“You can’t talk down to the people, shutting the meeting down won’t teach them anything, the people need to be heard, shutting the meeting down will only oppress the people and they’ve been oppressed for a long time”, I responded.

“I don’t care about oppression, we need rules…”, he said.

“yeah there needs to be rules, but the rules can’t be imposed on them, ask them and include them in the guidelines that need to be followed for the meeting… “, was my reply…

“The thing is we can’t ask the people Colby, the people just ask the same questions and we don’t get anywhere”, the chief included.

“The people ask the same questions because their questions never get answered, it’s always a lame political answer, or a beat around the bush answer…”

*silence… my phone rings I answer it and excuse myself to take the call* the conversation was bullshit.

The whole time the FSO from indian affairs was sitting there smirking at the discussion. Indian Affairs get’s their jollies off when communities they administer are divided. Fuck Indian Affairs…. <– quote that.

The only vision I have within the Nation I am from, is that the collective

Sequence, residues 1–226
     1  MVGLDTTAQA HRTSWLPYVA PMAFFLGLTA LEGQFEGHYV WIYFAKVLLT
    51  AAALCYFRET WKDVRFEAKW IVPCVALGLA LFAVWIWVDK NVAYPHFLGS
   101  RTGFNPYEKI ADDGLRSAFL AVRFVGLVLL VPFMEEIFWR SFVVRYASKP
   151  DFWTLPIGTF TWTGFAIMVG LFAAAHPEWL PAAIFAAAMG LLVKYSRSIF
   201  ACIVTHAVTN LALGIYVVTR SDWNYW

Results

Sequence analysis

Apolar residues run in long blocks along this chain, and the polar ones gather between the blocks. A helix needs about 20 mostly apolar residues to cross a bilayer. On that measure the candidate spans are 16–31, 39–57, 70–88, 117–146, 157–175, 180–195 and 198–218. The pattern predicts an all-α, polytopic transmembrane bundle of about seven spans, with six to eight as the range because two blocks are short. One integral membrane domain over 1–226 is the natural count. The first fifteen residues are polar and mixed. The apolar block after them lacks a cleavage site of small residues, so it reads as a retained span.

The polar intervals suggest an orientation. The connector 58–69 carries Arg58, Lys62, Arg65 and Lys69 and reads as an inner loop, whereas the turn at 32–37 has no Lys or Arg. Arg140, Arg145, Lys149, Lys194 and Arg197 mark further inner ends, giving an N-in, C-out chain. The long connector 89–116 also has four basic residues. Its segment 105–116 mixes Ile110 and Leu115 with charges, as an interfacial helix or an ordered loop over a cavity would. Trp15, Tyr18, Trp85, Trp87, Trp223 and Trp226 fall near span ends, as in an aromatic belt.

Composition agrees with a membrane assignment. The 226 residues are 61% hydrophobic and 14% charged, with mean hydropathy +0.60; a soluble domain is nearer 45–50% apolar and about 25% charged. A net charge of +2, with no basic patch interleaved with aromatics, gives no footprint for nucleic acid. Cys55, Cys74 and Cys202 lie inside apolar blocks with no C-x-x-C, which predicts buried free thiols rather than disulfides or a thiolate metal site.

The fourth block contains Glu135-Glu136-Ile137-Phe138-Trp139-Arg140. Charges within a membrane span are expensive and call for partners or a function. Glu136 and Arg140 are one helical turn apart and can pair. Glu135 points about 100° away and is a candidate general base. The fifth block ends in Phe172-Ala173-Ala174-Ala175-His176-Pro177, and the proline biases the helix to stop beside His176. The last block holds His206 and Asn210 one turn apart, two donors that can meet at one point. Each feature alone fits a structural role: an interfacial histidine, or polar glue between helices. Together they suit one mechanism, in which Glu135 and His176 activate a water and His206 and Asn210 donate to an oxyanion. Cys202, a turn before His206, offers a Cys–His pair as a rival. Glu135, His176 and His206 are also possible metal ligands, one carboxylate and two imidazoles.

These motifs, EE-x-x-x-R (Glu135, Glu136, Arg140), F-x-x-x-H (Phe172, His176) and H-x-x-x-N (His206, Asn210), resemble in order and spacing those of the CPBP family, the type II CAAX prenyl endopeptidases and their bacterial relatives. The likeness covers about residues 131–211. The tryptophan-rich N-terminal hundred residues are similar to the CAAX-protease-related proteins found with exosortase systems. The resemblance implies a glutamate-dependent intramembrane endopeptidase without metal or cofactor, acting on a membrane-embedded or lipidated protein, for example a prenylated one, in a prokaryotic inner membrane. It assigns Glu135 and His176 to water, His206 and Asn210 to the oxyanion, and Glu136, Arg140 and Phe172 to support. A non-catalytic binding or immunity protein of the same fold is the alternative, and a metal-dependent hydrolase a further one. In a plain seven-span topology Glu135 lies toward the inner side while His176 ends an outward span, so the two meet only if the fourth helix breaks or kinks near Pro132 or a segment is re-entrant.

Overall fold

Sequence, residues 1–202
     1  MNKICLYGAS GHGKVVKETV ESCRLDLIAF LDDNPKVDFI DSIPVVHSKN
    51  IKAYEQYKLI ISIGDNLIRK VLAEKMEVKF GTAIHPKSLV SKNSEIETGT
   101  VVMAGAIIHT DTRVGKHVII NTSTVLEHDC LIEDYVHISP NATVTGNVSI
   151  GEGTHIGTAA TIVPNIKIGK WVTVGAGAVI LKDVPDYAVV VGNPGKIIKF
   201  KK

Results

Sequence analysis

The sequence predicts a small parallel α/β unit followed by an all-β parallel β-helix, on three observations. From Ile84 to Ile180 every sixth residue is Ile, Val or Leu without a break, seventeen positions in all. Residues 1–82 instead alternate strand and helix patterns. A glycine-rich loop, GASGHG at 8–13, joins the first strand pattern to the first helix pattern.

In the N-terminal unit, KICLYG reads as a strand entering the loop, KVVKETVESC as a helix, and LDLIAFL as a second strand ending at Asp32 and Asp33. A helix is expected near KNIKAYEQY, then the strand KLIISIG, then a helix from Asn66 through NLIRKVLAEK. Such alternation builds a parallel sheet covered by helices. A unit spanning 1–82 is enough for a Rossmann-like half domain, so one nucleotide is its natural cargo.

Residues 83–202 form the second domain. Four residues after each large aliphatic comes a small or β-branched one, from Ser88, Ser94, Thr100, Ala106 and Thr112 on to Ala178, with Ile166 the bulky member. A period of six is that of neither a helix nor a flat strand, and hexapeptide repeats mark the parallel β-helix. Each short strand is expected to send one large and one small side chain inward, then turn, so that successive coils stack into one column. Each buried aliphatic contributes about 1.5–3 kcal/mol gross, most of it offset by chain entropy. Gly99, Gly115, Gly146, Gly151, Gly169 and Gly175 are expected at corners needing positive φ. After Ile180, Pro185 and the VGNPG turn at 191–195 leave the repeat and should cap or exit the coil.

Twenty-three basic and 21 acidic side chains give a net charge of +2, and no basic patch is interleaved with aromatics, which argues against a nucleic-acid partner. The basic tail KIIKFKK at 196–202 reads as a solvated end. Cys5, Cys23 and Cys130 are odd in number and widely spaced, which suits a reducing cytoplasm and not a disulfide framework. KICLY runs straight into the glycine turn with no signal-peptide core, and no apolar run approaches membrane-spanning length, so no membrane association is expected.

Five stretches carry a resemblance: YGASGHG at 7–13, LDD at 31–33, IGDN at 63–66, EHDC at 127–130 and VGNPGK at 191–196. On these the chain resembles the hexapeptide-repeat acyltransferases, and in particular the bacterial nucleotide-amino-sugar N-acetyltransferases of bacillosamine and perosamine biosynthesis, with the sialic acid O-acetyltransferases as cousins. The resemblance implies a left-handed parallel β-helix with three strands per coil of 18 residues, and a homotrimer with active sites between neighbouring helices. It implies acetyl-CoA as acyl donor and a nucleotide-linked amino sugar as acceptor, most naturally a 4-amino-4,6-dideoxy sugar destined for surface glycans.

works together, comes together in a space where everyone contribute to the outcomes of the Nation.

Opportunists are usually the ones who run for elected positions, there are usually personal interests and persona investments included in all that they do. I may have decided to agree to this position, and I'm glad I didn't pursue it.

Future leaders, regardless of what titles they agree to definitely need to be clear within themselves. I'm talking about being healthy, have an understanding of who they are and where they come. It's the basics of being grounded within their Self-Worth. Where do they get their self worth from? If they get it outside themselves, they will definitely love the titles and recognition of Indian Affairs agent jobs, whether if its working for Indian Affairs or pursuing becoming elected for Chief and Council. The materialism, the external acknowledgment of who they are as "elected officials"… will devour them. They themselves will become emotionally dependant on the system they desire to change, or help their people with. They will start to think they are smarter then the people, that they know what is best for the people. They destroy their very own prayers with their hunger for personal successes through earthly riches and ego stroked acknowledgements.